Isaiah 40:12-17, 27-31
Today we are marking Trinity Sunday. It is always the first Sunday after Pentecost where we are meant to celebrate the Christian doctrine of the Trinity: God the Father, Jesus the Son and the Holy Spirit. The three-person Godhead. Celebrating foundational Christian doctrine might not sound all that exciting, but it is!
It is good, I think, to remind ourselves about the essence of our Christian faith after the events and activities of Lent, Easter, Ascension and Pentecost. Phew. The church year now opens up and rolls along until Advent as the big festivals are now complete. The Church has marked Trinity Sunday since the mid 800’s. So it is not new. It was instituted to speak against the heresies of the early church as they worked out how to understand the concept of one God in three elements. Three does in fact equal one!
Reference to the Trinity is woven through our services; each time I or we say ‘in the name of the Father, the Son and the Holy Spirit. The entire Christian story is retold in the Eucharistic prayer before Communion, we repeat it each week in the Creeds.
It is difficult to understand and at some point needs to be believed as part of the mystery of God. But don’t simply jump to that conclusion as tempting as it is!
From Debbie Thomas, an American essayist: If you’re like me, you’ve been at the receiving end (or the giving end) of many well-meaning but inadequate attempts to explain the Triune God: “Oh, well, the Trinity is sort of like water! You know, liquid, vapour, and ice? Three phases, one entity? The Trinity is like that!” Or, “Think of a tree! The roots, the trunk, and the branches. Three parts, one tree. Or an egg. The shell, the egg white, and the yolk. Or a triangle. Or St. Patrick’s shamrock: three petals, one clover. Or (courtesy of John Wesley), three candles in a room, one light by which to read.
All of these analogies — beautiful though they are — fall short, and none of them address the deeper question: Why should we care? What difference does the three-in-one make? Fine, God is Father, Son, and Holy Spirit. So what? Given the state our world is in right now, why should the Christian doctrine of the Trinity matter?
Trying to deepen our understanding of the Trinity, should help us to deepen our faith and expand our ideas of what it is to be a Christian.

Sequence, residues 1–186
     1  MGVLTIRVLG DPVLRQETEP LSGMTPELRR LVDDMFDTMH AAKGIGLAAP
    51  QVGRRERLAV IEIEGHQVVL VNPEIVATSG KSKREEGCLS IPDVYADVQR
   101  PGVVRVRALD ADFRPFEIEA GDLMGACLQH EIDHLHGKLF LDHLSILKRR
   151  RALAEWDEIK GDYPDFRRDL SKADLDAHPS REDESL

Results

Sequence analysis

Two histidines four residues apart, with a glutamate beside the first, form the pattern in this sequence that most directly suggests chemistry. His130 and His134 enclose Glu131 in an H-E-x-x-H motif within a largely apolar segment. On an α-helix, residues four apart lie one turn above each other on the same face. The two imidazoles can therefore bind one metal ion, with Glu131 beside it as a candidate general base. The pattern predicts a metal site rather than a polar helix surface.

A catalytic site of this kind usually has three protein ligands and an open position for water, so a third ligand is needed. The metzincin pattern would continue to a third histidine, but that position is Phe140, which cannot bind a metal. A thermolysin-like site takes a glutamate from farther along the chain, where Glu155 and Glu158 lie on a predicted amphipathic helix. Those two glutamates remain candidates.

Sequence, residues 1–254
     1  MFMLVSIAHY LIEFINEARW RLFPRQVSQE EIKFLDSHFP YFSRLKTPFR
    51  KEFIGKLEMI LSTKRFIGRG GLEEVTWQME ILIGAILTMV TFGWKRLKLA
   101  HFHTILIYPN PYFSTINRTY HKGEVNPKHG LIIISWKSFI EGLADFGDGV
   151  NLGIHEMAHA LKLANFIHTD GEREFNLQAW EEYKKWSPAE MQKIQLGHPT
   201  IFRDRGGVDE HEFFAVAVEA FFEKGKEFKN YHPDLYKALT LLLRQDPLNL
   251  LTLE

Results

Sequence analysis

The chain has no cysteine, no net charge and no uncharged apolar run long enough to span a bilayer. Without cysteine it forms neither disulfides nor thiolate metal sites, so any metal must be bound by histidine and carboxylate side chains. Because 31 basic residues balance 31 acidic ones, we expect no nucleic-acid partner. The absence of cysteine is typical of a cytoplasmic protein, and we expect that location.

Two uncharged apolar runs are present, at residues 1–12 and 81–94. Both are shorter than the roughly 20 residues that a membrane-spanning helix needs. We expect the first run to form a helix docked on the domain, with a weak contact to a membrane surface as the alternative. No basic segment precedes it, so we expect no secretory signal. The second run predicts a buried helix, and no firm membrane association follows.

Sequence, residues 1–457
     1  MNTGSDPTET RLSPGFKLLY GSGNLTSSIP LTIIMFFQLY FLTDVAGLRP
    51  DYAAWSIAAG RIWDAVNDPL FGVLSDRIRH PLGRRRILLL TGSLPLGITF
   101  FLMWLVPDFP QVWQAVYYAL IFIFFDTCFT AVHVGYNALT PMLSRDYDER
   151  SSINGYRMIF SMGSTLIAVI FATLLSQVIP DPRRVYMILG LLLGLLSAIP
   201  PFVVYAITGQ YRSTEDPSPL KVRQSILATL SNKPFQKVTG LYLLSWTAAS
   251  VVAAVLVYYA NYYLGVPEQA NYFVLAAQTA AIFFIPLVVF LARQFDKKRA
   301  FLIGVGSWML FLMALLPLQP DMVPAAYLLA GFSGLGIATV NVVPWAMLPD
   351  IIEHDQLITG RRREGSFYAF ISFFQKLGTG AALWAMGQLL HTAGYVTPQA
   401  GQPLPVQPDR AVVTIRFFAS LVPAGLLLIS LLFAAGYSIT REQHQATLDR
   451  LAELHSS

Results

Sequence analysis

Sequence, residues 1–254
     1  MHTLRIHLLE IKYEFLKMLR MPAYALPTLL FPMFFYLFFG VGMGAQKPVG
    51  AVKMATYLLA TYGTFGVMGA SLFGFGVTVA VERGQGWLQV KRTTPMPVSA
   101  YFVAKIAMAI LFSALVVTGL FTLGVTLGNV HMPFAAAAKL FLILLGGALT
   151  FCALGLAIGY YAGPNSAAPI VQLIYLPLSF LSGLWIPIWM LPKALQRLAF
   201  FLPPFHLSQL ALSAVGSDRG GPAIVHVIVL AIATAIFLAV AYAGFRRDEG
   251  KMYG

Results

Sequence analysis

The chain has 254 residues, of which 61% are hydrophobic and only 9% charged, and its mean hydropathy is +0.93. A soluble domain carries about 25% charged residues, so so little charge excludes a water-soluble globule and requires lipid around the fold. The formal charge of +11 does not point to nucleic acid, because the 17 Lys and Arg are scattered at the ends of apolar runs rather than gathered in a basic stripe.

Firstly, it should challenge us with the truth about God. Being a Christian is not solely about turning up to church or simply being a good person. The truth of God will always be more than our minds can cope with. The truth of God will always convict and remake us. We are created in God’s image – everyone is. We cannot remake the image to suit ourselves. It is an image we are to grow and mature into.
Secondly, the Trinity shows us that God is dynamic. God is on the move. He flows, he dances. This is a challenge for people who do not particularly care for change. The Church is notorious for its slowness to adapt and change. We like to start sentences with ‘well it has always been done like…’ Yes and let’s look at where we are!
Jesus’ final commandment to his disciples is to Go! Make disciples of all nations, baptising them in the name of the Father and of the Son and of the Holy Spirit. They were not to stay still in Jerusalem and never change. Thank God they did go! God is always waiting and watching over us. He wants us to move and change; to become the people He created us to be. We do that by following the example of Jesus and being open to the work of the Spirit in our lives. What might that look like for you?
Thirdly, we see that God is communal. It’s one thing to say that God values community. Or that God thinks community is good for us. One of the great things about the Hambleden Valley is the sense of community. We see that in our village activities that have re-emerged since Covid. Church Teas is Hambleden & Fingest, the Open Gardens in Medmenham today, an upcoming fete in Turville. Friday Prayers in Fawley. Our afternoon services in Frieth and recent services in the village hall. We are willing to try new things. We value relationships and connection.
It’s altogether another to say that God is communal. That God is relationship, intimacy, connection, and communion. All of the things I mentioned above hang together because God is relationship.
It is easy to forget though. Isaiah is addressing a group of people who are totally worn out. They do not even have the energy to reject God and go somewhere else for comfort. All they can do is sit around and complain. They have come to believe that they are worth nothing and forgotten by God. He does not care about them at all. Isaiah counters their downbeat state by insisting that God did not advise when making the world, He does not need to be told what to do. This is not a swipe at the lament of the people; it is to be a comfort, a source of joy.
God is not forgetful or careless. No one who measured the water in the hollow of his hand or weighed the mountains on a scale is careless. When they and we are too tired and bewildered to find our way out of the situation we are in, remember that God is inexhaustible. God is unending energy. Jesus is unending energy. The Holy Spirit is unending energy.
In these upcoming months of change, can I suggest that we need to lean into God. Maybe again, maybe for the first time in a long time or ever. Lean into God for comfort and encouragement. Lean into Jesus and follow his example. Lean into the Holy Spirit and ask for energy and imagination. Lean into each other as we continue to learn and grow together. May we be transformed by the Trinity.